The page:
|Birth: ||Jul. 22, 1905|
|Death: ||Sep. 9, 1990|
Major League Baseball Player. Nicknamed "Doc" for being a medical aficionado in the Minor Leagues, he played Major League baseball for twenty seasons (1929 to 1948) as an outfield for the Philadelphia Athletics, Boston Red Sox, Washington Senators and Detroit Tigers. Fleet footed and gifted with a strong, accurate arm (he had been a pitcher in the minors), he is considered one of the best center fielders of his era. As a hitter, he was a feared lead off hitter, having a knack for getting on base despite not having much power. Appearing in two games for the A's at the end of the 1929 season, he playing sparingly over the next three seasons, backing up A's center fielder Mule Haas. He was added to the A's postseason roster in 1931 when Philadelphia met the St. Louis Cardinals in the World Series, and had a hit in two pinch hitting plate appearances (his one hit came in the bottom of the 9th inning of Game 7, knocking in the A's only two runs as the Cardinals clinched the Championship one out later). He hit .336 in 92 games the next year, and was given the starting center field job in 1933 after the A's, strapped for cash, traded away Mule Haas and other starting players. His breakout season came in 1934, when he batted .311 and smacked 202 Hits. He improved on that the next year, batting .332, getting 214 Hits (both career highs) and being named to his first American League All-Star team. However, it was to be his last with the A's, as Philadelphia's financial woes during the Depression forced them to sell off talent through the decade. Traded to the Red Sox on January 4, 1936, he would play his best years in Boston. He hit over .300 from 1937 to 1940, and was named to the All-Star game each of those years. In 1940 he led the American League in hits with 200 – 160 of them Singles. Traded to the Senators in the off season for Gee Walker, he played only a year with Washington before being traded to the Tigers. Despite declining age and skills, he was a starter for Detroit, playing during World War II when many ball players were in military service. His last year as a regular starter was 1945, when he played in 141 games as a 40 year old, and helped the Tigers clinch the American League Pennant. Making his first World Series appearance in 14 years that year, he had a stellar series, hitting .379, knocking in 4 Runs, scoring 7 himself and getting 11 hits as the Tigers beat the Chicago Cubs 4 games to 3 in the first post-War Championship. He kept his career going a few more years by becoming a pinch hitting specialist. His last season was 1948, when he played in 4 games before retiring to become a coach for the Tigers. From 1951 to 1953 he was the Chicago White Sox batting coach, and under his tutelage second baseman Nellie Fox blossomed into a Hall of Fame career. His career totals were 2,239 Games Played, 2,705 Hits, 1,357 Runs scored, 842 Runs Batted In, 37 Home Runs and a career .296 Batting Average. He went six for six in a game twice in his career (both times with the A's), and to date is the only American League player to do so. His 1935 mark of 214 Hits is still the Athletics' franchise record for hits by a left handed batter, and his 2,705 Hits are the most by a pre-1975 player who has not been elected to Baseball's Hall of Fame. After he passed away in Manahawkin, New Jersey in 1990, a street was named there in his honor. (bio by: Russ Dodge)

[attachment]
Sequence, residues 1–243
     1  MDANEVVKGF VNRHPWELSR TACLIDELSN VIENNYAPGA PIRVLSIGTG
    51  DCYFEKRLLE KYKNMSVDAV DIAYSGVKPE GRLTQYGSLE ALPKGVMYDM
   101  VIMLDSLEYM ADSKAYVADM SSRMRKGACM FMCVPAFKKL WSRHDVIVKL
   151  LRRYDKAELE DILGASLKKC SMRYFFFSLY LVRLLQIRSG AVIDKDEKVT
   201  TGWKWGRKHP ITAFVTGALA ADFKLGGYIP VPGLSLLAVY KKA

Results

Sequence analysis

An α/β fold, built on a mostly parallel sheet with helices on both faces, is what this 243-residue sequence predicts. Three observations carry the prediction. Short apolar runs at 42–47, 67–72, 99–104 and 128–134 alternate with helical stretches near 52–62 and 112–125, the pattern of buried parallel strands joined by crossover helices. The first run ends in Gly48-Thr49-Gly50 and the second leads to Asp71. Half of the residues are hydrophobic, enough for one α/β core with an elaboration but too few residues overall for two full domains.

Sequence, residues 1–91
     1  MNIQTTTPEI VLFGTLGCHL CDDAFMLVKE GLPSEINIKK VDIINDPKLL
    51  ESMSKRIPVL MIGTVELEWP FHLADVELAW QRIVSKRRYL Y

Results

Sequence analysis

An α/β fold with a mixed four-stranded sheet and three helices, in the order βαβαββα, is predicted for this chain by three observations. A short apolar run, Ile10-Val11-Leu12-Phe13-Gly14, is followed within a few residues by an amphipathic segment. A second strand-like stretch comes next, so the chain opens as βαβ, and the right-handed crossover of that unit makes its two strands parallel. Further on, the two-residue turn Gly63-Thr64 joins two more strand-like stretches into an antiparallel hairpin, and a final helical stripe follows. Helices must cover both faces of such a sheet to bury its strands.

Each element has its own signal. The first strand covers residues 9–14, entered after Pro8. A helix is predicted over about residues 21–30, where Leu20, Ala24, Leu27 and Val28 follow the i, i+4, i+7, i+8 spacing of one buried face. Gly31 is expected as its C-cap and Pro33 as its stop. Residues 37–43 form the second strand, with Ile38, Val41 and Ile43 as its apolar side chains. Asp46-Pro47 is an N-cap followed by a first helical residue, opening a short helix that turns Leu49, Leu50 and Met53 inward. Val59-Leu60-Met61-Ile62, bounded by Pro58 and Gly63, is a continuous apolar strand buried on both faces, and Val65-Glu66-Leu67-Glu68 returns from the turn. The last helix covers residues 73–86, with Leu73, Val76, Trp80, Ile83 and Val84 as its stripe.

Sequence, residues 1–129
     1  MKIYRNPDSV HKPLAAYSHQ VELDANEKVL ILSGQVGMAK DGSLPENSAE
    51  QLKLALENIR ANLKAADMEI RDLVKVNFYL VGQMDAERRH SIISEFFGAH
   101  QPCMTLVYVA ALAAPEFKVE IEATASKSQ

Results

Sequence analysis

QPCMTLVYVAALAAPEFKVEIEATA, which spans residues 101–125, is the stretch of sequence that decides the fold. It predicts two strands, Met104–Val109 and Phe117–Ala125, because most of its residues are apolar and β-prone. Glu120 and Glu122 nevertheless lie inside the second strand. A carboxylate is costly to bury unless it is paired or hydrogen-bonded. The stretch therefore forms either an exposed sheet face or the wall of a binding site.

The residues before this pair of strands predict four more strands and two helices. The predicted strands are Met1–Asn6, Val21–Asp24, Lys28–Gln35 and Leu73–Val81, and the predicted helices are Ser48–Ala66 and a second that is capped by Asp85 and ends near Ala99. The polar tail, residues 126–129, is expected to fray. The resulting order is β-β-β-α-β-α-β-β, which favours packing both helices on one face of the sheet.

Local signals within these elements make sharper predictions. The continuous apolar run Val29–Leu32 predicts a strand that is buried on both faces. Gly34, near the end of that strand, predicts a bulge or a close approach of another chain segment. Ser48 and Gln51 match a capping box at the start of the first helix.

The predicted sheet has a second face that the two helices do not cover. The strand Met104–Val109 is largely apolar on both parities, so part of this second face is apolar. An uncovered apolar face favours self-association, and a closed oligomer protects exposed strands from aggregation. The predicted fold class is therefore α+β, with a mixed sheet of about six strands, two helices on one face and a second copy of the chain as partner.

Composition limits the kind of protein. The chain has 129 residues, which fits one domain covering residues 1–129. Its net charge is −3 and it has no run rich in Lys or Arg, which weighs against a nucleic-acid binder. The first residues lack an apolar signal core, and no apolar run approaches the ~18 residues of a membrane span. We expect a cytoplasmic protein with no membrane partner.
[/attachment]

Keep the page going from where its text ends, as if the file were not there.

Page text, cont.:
Elaine Cramer (1929 - 1972)*
New Jersey, USA
Plot: Section 2, Old Graves, Grave 131.
Maintained by: Find A Grave
Record added: Mar 02, 2001
Find A Grave Memorial# 20714
Added: Jul. 22, 2014
Added: Jul. 22, 2014
Miss you Uncle Doc! Now I have a Grandson who I am sure you could've taught Baseball to! I know you told me how good I was. My daughter has your table you made for mom... You are a Hero! In my Book! Glad to have met you and be related! <3 RIP|
Added: Nov. 26, 2013
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